makeup By Shantell Tavarez
BeBold By accentuating either your lips
or your eyes, you can create a
simple, lasting look that will blow
people away at any occasion
ummer is all about simplicity and a fresh look, but
winter is the time of the year when it’s okay to be
bold and dramatic and bring your best face forward. I
chose a classic, warm, smoky eye because it’s a look
that is easy to recreate yet really makes a statement
and leaves a lasting impressing. You can create a smoky eye with
an assortment of neutral colors, such as purples, browns, blacks
and greys, so it’s a makeup look that goes with any outﬁt for any
When you are creating any bold look, focus on one feature to
accentuate, such as the lips or eyes. I chose to do a sultry, smoky
eye on our model, Miranda, because it brings all the attention to
her most ﬂattering feature—her eyes.
S STEP 1: PERFECT PREP
We prep the skin by using a skin-perfecting primer. I used
Hard Candy Sheer Envy Skin Perfecting Primer for oily skin. This
ﬁlls in any ﬁne lines, covers the appearance of large pores, keeps
the skin matte, and most importantly allows the makeup to be ap-
plied smoothly. For girls with dry skin, however, I recommend
using a moisturizer ﬁrst, followed by a primer.
STEP 2: DROP THE BASE
Next step, the foundation. I prefer a cream-based foundation,
because I ﬁnd that it photographs well. Setting the foundation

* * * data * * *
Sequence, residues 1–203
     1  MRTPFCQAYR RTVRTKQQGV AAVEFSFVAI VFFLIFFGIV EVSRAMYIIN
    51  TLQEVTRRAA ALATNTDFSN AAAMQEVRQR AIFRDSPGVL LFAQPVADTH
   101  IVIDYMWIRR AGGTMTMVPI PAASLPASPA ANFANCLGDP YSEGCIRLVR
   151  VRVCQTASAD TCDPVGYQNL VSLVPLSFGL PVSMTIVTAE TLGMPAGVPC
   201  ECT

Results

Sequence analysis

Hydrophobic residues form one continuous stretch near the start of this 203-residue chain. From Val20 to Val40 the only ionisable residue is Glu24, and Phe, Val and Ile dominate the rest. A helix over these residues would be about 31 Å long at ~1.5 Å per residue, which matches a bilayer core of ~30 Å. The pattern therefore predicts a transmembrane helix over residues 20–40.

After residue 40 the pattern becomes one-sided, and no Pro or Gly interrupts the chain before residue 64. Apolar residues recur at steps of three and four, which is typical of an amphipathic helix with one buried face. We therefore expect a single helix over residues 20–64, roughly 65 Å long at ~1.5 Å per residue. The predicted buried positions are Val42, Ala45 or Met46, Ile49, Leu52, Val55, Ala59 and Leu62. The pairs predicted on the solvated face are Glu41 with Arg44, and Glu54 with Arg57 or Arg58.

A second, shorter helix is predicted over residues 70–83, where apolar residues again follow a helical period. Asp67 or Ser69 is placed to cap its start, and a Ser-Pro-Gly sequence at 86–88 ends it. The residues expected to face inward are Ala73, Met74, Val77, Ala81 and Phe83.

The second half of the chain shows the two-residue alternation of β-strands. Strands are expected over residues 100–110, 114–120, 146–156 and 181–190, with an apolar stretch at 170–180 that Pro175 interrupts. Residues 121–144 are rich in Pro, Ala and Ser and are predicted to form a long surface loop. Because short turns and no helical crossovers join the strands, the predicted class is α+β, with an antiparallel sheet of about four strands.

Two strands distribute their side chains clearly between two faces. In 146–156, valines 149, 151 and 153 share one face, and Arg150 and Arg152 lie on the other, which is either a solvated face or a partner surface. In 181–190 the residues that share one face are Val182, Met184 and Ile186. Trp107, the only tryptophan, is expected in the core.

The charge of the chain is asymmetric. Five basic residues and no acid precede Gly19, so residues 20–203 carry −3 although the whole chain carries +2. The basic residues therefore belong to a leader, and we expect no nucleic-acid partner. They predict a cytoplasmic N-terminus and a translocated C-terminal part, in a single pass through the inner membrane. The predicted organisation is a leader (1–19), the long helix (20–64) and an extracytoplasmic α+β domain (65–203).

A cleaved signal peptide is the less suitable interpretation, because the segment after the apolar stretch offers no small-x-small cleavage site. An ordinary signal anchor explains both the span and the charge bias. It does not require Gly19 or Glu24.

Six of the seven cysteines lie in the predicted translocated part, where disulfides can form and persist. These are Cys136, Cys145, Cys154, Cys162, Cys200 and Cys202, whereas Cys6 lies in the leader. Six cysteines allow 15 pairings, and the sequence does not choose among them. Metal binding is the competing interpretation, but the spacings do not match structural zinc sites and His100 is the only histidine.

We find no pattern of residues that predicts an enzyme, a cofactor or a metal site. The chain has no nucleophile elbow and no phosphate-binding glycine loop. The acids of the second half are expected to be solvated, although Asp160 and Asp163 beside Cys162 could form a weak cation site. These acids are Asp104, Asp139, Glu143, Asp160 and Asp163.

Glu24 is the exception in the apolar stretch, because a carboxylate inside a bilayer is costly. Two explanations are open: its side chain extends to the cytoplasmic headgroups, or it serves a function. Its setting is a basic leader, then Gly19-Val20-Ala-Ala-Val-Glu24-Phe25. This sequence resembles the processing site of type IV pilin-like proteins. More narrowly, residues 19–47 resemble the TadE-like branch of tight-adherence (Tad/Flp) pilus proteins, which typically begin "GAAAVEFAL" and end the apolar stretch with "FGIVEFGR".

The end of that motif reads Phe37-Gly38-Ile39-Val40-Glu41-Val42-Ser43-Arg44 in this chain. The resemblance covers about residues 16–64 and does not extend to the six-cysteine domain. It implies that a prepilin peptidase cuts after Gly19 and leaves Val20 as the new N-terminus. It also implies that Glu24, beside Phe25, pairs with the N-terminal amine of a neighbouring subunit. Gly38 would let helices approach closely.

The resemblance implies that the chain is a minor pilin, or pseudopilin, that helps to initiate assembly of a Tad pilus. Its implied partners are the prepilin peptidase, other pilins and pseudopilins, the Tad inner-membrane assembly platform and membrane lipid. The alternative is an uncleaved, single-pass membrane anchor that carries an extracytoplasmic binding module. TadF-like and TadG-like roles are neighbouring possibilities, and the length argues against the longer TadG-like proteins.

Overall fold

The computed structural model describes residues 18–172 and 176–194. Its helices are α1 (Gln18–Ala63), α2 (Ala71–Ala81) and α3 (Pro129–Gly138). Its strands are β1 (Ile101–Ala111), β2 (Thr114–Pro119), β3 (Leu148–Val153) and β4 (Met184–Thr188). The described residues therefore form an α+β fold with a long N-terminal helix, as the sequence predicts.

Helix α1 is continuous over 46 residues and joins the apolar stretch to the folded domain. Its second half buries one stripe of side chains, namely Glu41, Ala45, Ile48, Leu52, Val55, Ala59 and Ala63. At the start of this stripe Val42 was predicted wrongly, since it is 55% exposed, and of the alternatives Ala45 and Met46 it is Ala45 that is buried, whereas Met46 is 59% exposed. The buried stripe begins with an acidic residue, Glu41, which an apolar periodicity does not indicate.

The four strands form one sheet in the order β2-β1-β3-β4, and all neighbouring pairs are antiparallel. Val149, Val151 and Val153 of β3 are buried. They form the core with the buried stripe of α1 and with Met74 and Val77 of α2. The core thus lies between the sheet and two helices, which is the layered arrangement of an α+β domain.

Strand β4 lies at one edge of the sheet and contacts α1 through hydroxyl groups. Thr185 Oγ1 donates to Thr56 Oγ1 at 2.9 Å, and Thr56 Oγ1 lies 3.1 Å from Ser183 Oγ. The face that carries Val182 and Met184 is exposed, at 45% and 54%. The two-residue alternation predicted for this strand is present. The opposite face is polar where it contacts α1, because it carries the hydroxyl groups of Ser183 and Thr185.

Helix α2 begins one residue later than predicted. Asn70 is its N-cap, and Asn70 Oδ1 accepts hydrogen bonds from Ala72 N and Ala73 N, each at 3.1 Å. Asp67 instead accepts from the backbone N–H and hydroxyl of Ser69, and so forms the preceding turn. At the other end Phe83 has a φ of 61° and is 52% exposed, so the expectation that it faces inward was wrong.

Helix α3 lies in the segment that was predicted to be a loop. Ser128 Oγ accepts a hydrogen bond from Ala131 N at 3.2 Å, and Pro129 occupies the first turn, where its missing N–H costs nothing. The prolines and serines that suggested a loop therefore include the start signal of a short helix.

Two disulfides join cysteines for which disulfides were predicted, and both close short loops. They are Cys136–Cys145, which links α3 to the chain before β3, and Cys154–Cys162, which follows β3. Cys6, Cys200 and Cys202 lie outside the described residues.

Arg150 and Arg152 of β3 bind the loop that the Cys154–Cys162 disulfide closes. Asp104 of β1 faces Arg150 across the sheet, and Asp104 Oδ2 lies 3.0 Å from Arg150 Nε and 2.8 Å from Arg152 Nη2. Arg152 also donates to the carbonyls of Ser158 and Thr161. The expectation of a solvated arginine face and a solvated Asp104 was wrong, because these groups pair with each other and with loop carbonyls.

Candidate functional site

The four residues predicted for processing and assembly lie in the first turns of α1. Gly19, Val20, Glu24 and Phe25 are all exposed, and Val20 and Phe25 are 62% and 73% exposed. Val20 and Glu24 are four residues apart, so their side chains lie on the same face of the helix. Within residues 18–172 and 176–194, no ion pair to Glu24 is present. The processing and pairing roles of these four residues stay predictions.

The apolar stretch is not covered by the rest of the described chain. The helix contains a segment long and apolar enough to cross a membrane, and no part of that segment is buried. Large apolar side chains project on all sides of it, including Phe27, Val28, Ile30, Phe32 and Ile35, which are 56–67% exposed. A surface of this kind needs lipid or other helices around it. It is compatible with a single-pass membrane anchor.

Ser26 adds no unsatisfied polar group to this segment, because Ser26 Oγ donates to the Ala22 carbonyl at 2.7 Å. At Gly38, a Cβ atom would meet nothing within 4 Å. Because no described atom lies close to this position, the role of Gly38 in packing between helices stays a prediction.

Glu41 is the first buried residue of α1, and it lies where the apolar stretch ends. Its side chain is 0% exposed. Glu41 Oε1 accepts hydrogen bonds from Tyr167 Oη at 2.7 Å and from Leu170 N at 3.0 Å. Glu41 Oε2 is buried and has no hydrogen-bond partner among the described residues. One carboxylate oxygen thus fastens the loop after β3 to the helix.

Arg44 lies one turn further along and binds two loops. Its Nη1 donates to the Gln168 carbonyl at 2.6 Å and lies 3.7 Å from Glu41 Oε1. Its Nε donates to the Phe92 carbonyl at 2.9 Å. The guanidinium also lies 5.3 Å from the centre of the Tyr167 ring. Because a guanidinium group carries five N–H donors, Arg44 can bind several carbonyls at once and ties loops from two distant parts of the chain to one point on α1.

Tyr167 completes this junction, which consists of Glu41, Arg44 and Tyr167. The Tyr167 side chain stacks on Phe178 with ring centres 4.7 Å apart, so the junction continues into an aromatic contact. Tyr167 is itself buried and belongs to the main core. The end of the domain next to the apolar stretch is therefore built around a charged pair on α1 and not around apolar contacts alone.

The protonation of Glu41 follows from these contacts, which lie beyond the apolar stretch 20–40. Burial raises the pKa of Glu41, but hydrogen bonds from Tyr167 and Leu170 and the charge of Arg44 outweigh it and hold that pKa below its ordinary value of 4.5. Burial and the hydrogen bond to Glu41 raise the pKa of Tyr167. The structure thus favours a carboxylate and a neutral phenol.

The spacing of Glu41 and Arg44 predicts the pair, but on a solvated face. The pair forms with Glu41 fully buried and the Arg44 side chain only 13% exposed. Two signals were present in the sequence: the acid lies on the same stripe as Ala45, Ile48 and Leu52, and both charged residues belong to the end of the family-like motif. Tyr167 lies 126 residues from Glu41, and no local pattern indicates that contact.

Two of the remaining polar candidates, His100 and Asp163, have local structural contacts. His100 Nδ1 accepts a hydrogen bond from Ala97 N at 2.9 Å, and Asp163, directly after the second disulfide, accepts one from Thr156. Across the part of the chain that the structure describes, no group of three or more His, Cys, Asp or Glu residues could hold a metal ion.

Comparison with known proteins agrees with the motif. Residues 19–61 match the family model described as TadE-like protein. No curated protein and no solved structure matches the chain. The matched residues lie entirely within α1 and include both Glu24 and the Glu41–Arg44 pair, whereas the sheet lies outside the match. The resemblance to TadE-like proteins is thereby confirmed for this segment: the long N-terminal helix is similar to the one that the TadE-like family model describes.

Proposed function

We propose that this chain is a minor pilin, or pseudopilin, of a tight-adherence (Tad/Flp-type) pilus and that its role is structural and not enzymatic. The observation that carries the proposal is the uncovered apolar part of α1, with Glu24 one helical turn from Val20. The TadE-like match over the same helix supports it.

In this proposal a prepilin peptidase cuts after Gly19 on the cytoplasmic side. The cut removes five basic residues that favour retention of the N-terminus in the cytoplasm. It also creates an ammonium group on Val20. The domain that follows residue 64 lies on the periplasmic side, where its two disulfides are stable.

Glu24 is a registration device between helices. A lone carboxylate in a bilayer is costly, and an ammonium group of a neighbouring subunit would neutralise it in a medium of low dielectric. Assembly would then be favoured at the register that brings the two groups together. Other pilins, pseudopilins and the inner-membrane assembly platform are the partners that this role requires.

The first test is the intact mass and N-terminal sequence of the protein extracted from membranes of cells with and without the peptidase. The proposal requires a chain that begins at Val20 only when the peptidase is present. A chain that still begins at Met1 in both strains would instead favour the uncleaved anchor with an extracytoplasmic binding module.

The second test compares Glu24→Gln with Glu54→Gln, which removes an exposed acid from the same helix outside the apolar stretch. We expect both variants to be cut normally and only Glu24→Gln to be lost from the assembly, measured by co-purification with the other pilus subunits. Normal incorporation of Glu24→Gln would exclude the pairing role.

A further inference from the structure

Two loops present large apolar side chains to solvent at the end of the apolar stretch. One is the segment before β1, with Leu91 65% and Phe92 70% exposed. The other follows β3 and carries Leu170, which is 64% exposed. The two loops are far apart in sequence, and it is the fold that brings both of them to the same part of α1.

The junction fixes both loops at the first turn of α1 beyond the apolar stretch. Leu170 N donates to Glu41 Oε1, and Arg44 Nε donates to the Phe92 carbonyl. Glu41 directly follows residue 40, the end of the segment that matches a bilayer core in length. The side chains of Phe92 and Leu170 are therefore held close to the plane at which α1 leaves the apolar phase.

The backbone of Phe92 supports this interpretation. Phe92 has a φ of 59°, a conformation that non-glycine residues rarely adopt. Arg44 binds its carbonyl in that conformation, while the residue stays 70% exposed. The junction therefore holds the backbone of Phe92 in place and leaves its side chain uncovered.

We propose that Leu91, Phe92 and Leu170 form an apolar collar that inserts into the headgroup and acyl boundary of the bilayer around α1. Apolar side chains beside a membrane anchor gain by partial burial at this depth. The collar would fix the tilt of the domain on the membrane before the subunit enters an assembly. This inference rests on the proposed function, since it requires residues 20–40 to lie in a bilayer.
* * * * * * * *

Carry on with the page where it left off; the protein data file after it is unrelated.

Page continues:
with a loose powder to control any shine, I then shaded her cheeks
using a soft bronzer and applied a light pink blush to the apples of
her cheeks. Blush plays a vital role because it adds life back into the
skin during the winter months.
PHOTOS BY TED WEST
Miranda Fenzau has been modeling since
the age of 6 and placed as ﬁrst runner-up in
the Miss Illinois Teen USA 2012 Pageant.
The 16-year old Marist Catholic High School
student is a featured model in the Spring
2013 edition of Pageantry and PromTime
magazine’s Fashion Showcase.
STEP 3: PRIMETIME EYES
We then move on to her eyes. I started off by adding an eye
primer (NYX white base eye shadow primer, to be exact). I did a
light eye shadow wash all over her lid with a neutral eye shadow
closely resembling her skin color, then I added a matte black
shadow to her eye lids and started blending the color upward
until I reached the crease. Don’t start with the shadow on the
crease, because if you add too much color, it will be much too dif-
ficult to remove.
Overall, begin by slowly building up the color, layer-by-layer,